On December 2nd, 2015, Brazil acceded the Hague Convention of October 5, 1961, also called the “Apostille Convention”, which abolishes the requirement of legalization for foreign public documents. This Convention entered into force on August 14th, 2016 in Brazil, thus making it the 111th signatory state to the Convention. This date difference is due to the mandatory period of six months and sixty days after which the Convention officially becomes effective.
What is an apostille ?
An apostille is a certification issued by a competent authority to confirm that the signature, seal or stamp on a public document was performed by a public officer in the exercise of its functions. It aims to remove the legalization chains required in the past. However, it does not recognize the validity of the document content.
The apostilles are affixed by the countries that joined the “Hague Convention” in 1961, abolishing the requirement of consular legalization. All public documents drawn up in these countries and destined to foreign countries must contain the apostille (extracts of civil status documents, criminal records, certificates of any type issued by official bodies, notarial deeds and notarial attestations of signature, certificates issued by public institutions, etc.).
What is the purpose of the Apostille Convention?
The Convention aims to facilitate the movement of public documents from one country to another. Thus, the documents from signatory states to the convention are no longer subject to a diplomatic or consular legalization requirement in order to be valid and effective with other signatories. These legalization actions are replaced by a simple system with unique verification, through the affixing of an apostille to the document, contributing to a significant reduction in time and costs. In France, the Courts of Appeal issue the apostille for public documents.
The US, China, Japan, Germany, the United Kingdom, France, India and Italy are some of the states already signatories to the Convention.
Brazil: a different legal system
Brazil is a presidential, federal republic, consisting of 26 states and one federal district (Brasilia) which has its own legislative assembly and therefore, legislates independently. The President and the Congress share legislative power, indicating that many powers come into play between the two.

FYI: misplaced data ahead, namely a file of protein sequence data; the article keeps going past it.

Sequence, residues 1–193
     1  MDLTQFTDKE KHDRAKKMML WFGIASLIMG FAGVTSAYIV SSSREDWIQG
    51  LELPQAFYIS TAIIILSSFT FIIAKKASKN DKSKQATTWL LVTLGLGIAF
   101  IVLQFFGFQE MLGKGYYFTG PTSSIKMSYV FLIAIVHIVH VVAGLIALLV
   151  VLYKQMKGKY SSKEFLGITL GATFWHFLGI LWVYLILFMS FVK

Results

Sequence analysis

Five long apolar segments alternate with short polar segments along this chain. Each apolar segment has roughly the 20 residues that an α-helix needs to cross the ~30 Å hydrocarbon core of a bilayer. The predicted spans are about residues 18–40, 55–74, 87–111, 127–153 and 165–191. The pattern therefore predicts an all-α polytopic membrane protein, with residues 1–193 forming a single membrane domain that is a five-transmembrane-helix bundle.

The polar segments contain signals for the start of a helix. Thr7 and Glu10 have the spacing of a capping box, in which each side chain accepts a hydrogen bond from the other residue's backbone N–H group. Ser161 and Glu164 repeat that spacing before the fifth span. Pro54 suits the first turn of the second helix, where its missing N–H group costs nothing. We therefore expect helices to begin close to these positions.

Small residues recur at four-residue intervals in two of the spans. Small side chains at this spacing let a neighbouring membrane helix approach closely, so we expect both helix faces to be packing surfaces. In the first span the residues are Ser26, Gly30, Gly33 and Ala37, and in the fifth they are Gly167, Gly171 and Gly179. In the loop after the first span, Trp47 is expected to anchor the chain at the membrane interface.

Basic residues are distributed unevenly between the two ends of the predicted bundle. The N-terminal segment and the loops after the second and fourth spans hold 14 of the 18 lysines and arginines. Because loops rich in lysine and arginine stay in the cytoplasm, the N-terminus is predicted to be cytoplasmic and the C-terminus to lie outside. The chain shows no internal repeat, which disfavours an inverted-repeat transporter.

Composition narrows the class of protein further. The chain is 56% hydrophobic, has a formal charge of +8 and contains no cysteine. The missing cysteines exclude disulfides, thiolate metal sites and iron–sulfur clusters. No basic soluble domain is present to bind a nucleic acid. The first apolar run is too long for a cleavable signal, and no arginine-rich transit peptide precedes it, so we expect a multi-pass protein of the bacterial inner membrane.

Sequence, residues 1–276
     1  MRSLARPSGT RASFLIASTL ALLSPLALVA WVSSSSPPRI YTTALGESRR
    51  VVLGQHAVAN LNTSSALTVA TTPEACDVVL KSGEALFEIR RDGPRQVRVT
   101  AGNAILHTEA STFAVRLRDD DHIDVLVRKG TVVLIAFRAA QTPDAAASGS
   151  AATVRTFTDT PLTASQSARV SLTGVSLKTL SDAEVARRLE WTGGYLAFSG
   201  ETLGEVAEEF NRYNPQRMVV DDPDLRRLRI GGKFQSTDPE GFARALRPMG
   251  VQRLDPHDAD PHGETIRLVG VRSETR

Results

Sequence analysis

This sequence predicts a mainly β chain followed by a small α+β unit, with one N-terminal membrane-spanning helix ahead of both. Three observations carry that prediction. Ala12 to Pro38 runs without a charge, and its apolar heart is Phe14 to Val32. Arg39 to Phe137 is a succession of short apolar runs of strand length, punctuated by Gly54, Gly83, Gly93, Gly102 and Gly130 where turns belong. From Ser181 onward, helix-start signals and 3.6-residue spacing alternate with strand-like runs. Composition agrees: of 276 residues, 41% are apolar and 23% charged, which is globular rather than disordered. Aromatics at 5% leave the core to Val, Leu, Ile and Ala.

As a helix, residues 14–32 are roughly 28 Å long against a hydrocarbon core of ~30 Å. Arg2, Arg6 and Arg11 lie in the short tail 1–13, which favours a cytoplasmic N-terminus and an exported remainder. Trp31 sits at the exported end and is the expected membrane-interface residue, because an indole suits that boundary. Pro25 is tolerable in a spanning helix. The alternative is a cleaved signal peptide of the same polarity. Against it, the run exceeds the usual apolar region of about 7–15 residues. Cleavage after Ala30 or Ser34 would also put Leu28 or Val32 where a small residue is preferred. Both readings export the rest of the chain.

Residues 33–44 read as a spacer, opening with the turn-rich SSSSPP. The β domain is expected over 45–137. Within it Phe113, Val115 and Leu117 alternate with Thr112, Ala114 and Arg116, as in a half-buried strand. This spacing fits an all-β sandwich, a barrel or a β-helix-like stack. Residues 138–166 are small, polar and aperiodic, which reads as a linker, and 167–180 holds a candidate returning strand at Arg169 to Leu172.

Brazil also has a wide variety of legal rules and texts: for example, the 1988 Constitution is one of the world’s longest texts, given that it is here that a large number of principles guaranteeing the fundamental rights of Brazilian citizens and establishing the presidential federal system are provided for.
The Brazilian legal system is specific and the use of the apostille will prove extremely useful so as to ensure the authenticity of a criminal record or a certified proxy.
A simplified authentication of Brazilian legal documents
The originality of the Brazilian legal system lies thus in the difficulty of finding a balance between federal powers and the numerous principles laid down in the national constitution.
The Brazilian administration/bureaucracy?? is complex because of the multiple procedures, in particular with regard to the translation and authentication of documents for companies wishing to conduct business with Brazilian companies or to be set up in Brazil. The specificities of the Brazilian language are an additional hurdle to the relevant translations.
Adherence to the Hague Apostille Convention will simplify the bureaucratic procedures for foreign investors wishing to set up a business in Brazil and Brazilian companies wishing to export abroad, as well as the validation of foreign company documents in relation to public invitations to tender.
Finally, it should be recalled that for France in particular, Brazil had already signed a significant convention with the French government on May 28, 1996, the Convention concerning legal assistance in civil matters between the Government of the Federative Republic of Brazil and the Government of the French Republic . It was promulgated by Decree nº3.598 of September 12, 2000. This agreement is even more favourable than the Convention as it completely abolishes the diplomatic or consular legalization, by opposition to the Apostille Convention that merely simplifies procedures.